Recently I attended a meeting of the G7 finance ministers in Rome. In my discussions, two things quickly became evident. First of all, Canada has become a model for the world to follow in combatting the current global economic crisis, both in how we have managed our finances and how we have kept our financial system strong.
    In the words of President Obama last week, “...in the midst of this enormous economic crisis, I think Canada has shown itself to be a pretty good manager of the financial system in the economy in ways that we haven't always been here in the United States. And I think that's important for us to take note of.”

[Translation]

    Second, like other countries, we must immediately take measures that will fulfill Canada's international commitment, meaning that we must implement the economic recovery plan as quickly as possible.
    For Canada, the first stage of that process is to pass this bill and allow the government to put Canada's Economic Action Plan into effect quickly.
    But our expectations must be realistic. The plan in itself will not be able to protect every job or to solve every problem in the global economy. As I said, the recession did not start in Canada. Concerted international efforts will be needed to stamp it out.

[English]

    What our plan will do is take real action to protect those hardest hit by the current recession, while helping create and maintain jobs. Briefly, let me outline a few select measures from our economic action plan being legislated in Bill C-10, measures vital to stimulating Canada's economy, and measures that should be passed quickly.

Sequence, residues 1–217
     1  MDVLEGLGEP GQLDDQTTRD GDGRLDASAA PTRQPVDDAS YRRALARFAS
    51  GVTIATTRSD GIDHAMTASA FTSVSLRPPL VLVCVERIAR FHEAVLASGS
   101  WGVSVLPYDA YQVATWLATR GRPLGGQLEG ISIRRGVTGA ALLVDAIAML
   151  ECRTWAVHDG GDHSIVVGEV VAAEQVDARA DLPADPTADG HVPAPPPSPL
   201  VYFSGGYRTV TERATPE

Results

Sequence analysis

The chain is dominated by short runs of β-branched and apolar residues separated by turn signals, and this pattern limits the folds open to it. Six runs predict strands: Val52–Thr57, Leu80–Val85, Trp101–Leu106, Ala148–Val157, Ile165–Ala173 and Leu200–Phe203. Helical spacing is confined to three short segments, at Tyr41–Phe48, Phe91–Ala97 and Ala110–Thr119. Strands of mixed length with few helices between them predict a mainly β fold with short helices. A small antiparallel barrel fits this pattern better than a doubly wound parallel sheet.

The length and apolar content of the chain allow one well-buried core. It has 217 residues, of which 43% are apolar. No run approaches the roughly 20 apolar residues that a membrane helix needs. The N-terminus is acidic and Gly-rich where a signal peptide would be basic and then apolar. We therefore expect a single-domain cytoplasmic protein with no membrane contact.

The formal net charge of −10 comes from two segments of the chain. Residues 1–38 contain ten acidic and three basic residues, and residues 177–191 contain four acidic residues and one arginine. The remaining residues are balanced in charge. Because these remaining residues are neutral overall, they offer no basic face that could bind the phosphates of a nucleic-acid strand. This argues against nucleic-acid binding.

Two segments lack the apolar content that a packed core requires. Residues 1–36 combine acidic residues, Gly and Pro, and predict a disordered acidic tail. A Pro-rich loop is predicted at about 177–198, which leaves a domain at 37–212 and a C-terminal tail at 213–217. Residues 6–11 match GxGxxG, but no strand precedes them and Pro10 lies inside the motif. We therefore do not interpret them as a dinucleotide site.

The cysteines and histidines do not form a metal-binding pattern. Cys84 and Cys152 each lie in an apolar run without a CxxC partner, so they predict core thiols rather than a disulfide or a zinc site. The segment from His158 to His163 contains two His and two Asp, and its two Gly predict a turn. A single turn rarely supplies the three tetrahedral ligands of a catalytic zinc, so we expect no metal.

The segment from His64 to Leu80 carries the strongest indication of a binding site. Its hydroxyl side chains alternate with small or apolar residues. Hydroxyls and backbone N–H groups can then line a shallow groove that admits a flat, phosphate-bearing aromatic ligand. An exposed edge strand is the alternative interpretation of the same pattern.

First of all, Bill C-10 implements various tax relief measures outlined in the recent budget. This represents important tax relief that will help stimulate the economy and also remove 265,000 low-income Canadians from the tax rolls completely.
    Among the tax measures are these: raising the age credit amount by $1,000 to help seniors; increasing the amount that can be withdrawn under the home buyers' plan to $25,000 to help first-time home buyers; an extension of the temporary mineral exploration tax credit; raising the threshold from $400,000 to $500,000 to allow more job-creating businesses to qualify for the reduced 11% small business tax rate; increasing the basic personal amount that all Canadians can earn before paying federal income taxes; and allowing Canadians to keep more of their money before being subject to higher tax rates by increasing the two lowest personal income tax brackets.
    I note that the Canadian Taxpayers Federation heralded many of these moves as important broad-based measures that will allow individuals and families to make the decisions that are necessary for them during these uncertain times.
    Bill C-10 also helps Canadians hardest hit by the recession by extending all regular EI benefit entitlements by five extra weeks, increasing the maximum benefit duration from 45 weeks to 50 weeks for two years.

  (1535)  

[Translation]

    I emphasize that this sorely needed assistance cannot be provided before Parliament allows the bill to receive royal assent.

[English]

    Bill C-10 also takes action to help improve access to financing and strengthens our financial system. We all recognize the impact the current economic downturn is having on access to credit.

[Translation]

    To combat the recession, our plan contains a number of measures designed to ease access to credit for Canadians and for Canadian businesses. Many of those measures are in set out in Bill C-10.

[English]

    The bill also allows EDC and BDC to extend additional financing to Canadian businesses, which is vitally important.

[Translation]

    In addition, it also increases the maximum amount for loans made by the Canada Small Business Financing Program.